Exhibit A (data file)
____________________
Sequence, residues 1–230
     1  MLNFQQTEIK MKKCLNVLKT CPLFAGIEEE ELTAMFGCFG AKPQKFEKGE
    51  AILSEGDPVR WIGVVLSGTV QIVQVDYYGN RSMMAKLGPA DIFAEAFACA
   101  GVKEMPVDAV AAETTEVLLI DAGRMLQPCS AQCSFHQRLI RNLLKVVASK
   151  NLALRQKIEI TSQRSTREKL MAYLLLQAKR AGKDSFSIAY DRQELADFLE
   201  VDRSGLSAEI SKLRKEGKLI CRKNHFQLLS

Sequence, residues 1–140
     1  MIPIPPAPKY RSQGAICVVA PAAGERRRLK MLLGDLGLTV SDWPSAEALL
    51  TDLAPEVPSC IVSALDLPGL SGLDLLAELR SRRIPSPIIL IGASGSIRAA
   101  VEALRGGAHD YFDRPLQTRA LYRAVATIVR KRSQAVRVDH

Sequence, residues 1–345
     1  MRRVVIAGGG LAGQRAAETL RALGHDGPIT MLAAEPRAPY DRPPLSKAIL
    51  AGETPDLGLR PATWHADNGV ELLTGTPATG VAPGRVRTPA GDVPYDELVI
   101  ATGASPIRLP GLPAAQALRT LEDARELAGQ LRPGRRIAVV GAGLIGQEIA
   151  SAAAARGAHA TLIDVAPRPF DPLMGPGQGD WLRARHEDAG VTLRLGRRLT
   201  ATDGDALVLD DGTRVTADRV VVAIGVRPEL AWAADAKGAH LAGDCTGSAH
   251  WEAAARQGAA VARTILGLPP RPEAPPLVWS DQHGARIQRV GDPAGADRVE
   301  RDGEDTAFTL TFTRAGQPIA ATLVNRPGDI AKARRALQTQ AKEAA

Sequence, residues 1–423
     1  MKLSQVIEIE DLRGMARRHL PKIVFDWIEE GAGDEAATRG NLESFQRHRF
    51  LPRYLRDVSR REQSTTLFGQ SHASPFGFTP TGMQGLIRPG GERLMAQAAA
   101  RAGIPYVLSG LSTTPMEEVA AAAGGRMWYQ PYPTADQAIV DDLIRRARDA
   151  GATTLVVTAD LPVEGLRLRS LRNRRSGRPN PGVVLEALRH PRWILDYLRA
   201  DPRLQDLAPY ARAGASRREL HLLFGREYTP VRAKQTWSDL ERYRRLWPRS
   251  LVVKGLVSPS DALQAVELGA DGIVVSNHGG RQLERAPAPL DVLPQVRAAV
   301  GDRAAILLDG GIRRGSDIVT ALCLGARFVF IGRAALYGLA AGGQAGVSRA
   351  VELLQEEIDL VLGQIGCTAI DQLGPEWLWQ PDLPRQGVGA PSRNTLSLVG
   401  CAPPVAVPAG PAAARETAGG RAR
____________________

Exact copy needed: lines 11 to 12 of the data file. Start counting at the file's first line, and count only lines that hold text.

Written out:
Sequence, residues 1–345
     1  MRRVVIAGGG LAGQRAAETL RALGHDGPIT MLAAEPRAPY DRPPLSKAIL